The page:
New Jersey Bobcat Population Study
Habitat fragmentation occurs when an organism’s environment is divided into smaller, more isolated segments, often times resulting in population decline and ecosystem decay. Carnivores are especially vulnerable to these effects due to their low densities, large home ranges, and low tolerance by humans. By utilizing molecular techniques on collected hair samples, we can monitor population size and density in an effort to protect populations from severe decline.
In this collaboration with the New Jersey Division of Fish and Wildlife, sites were chosen throughout New Jersey to set up either a cubby or rubbing tree station to collect hair samples from bobcats in a non-invasive manner. Both station types were set up with bait, a camera, and either gun brushes or adhesive tape in an effort to collect hair when the bobcat entered, exited, or brushed by.
Confirmation that collected samples were bobcat hair was achieved by extracting DNA and using a real-time polymerase chain reaction (PCR) protocol which targeted genes specific for bobcats. Microsatellites were then targeted and amplified using a multiplex PCR protocol. Each of the 6 microsatellite sites targeted were fluorescently labelled to be detected by the genetic analyzer. Once amplification of the microsatellite sites were complete, samples were genotyped using a genetic analyzer and the resulting genetic profiles were analyzed.
Of the 323 hair samples collected in the first field season, 42 were selected for further analysis through observation of morphological characteristics via microscopy. Upon further analysis, samples were considered truly positive if real-time PCR provided a positive result and there was footage on the camera showing a bobcat, or both real-time PCR and DNA sequencing provided a positive result. A total of 15 samples were confirmed as truly positive via real-time PCR and footage on the camera, and 2 were confirmed by positive real-time PCR and DNA sequencing results.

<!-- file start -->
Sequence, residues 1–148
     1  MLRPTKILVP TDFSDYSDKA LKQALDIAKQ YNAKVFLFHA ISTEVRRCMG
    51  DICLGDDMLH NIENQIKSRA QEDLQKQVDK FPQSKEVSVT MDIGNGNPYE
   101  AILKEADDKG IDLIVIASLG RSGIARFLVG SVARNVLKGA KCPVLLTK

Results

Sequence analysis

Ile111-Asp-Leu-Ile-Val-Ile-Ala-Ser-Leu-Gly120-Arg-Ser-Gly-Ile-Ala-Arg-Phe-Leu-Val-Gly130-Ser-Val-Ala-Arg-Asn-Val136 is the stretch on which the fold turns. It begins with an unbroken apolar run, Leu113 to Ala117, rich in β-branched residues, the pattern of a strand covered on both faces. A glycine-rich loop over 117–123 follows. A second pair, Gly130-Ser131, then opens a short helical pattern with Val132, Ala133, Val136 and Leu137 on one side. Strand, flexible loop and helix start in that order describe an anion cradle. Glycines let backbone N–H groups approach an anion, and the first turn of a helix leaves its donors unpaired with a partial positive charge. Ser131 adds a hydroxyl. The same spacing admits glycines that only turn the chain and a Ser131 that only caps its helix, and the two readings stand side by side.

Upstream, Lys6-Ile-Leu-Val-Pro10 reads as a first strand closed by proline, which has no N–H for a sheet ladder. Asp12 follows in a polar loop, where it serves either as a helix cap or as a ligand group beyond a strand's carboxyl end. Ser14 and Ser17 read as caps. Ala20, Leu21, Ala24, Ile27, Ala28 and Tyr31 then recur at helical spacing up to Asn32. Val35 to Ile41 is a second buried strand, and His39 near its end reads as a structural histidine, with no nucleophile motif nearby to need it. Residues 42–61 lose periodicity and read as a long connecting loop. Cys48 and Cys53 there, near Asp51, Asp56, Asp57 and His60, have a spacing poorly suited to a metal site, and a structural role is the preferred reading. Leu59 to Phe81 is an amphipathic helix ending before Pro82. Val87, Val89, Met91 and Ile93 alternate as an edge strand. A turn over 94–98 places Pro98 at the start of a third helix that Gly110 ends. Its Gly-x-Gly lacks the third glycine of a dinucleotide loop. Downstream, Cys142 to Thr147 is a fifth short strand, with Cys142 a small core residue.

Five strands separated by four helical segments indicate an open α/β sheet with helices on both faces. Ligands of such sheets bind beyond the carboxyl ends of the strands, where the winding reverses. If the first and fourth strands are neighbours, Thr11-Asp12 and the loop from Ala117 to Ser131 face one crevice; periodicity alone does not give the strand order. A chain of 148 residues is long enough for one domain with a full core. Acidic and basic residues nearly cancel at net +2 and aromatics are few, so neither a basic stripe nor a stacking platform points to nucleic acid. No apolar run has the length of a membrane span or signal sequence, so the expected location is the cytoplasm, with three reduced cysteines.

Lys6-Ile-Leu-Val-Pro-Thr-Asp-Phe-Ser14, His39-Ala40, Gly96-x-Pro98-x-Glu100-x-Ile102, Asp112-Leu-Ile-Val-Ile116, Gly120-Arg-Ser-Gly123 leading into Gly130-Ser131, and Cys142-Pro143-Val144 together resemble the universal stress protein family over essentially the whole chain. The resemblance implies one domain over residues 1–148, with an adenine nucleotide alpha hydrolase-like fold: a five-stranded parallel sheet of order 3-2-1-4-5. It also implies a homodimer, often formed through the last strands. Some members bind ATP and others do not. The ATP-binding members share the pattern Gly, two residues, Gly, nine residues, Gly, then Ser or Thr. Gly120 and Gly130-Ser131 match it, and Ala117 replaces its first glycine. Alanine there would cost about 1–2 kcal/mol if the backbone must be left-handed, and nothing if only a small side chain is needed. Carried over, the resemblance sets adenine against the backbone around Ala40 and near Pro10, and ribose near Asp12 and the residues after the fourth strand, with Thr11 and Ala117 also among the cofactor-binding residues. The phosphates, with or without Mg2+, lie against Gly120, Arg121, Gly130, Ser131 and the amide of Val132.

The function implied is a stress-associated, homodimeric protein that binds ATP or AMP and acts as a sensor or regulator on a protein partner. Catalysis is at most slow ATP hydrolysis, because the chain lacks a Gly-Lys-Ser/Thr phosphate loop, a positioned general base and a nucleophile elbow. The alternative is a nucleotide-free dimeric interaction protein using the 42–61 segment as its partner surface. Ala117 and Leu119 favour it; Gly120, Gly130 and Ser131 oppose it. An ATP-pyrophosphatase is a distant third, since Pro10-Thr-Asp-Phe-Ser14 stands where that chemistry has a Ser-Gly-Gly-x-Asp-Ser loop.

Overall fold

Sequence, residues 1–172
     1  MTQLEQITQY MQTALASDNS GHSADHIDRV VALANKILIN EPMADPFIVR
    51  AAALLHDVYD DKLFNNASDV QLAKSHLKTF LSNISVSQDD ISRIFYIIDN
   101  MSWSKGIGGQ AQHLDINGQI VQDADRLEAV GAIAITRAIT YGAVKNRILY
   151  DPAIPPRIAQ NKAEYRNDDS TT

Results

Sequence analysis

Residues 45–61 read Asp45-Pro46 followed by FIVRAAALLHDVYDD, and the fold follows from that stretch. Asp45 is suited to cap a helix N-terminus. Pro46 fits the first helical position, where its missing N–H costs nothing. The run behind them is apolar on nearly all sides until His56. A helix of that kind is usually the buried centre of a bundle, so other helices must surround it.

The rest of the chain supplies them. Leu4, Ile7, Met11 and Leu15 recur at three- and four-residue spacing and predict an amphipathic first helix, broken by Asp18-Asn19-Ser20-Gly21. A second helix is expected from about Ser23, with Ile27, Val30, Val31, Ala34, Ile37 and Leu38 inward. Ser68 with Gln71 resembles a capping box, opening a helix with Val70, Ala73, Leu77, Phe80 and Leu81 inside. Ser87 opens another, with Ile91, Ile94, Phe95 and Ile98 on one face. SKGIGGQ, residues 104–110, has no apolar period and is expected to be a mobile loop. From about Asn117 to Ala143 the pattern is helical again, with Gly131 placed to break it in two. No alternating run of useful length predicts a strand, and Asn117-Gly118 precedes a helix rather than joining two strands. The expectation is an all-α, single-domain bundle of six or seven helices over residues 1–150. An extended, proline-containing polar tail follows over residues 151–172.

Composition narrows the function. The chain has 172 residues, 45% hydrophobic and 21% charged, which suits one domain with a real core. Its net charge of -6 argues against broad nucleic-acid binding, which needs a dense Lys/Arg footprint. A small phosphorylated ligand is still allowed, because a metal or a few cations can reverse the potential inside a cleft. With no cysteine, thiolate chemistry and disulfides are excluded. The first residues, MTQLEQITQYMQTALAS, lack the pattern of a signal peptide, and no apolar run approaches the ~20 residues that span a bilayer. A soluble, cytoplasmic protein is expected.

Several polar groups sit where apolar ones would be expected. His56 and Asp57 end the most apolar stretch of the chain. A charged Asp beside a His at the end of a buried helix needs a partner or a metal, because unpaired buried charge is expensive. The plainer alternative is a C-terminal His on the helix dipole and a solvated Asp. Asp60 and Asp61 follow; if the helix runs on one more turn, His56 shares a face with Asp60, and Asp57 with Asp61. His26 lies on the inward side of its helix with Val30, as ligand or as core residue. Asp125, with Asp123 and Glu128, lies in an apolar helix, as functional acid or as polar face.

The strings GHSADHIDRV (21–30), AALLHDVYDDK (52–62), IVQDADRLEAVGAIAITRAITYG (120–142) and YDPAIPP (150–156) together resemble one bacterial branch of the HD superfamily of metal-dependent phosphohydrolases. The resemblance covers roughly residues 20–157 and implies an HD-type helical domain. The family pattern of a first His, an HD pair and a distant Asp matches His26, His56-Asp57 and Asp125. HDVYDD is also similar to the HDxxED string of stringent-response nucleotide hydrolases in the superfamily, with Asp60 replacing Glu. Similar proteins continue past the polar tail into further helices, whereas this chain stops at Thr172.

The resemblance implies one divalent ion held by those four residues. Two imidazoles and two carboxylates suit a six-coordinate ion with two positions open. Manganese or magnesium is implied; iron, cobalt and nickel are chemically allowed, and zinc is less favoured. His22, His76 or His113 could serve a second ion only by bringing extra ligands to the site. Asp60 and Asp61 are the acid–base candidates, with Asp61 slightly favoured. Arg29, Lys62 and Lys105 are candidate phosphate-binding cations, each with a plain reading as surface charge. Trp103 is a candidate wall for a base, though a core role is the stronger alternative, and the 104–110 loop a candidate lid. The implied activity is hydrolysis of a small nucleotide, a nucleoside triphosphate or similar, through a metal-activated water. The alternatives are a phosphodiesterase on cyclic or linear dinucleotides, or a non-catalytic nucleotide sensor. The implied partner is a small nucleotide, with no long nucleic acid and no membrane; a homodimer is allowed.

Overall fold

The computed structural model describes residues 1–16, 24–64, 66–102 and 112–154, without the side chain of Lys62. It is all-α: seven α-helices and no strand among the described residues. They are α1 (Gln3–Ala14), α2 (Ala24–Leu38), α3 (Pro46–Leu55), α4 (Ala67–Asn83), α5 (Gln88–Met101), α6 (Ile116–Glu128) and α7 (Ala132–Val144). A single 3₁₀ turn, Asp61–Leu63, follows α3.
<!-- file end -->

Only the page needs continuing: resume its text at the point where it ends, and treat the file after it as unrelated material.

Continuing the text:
Due to low-yield DNA samples, genetic profiles via genotyping were created for only 25% of the 17 positive samples making it difficult to assess the data using a mark-recapture model. In the future, a presence-absence approach will be used to make population size and density estimates.
Several other species contributed hair samples to this study including, raccoon, gray squirrel, grey fox, red fox, opossum, fisher, skunk, black bear, whitetail deer, domestic dog, and domestic cat.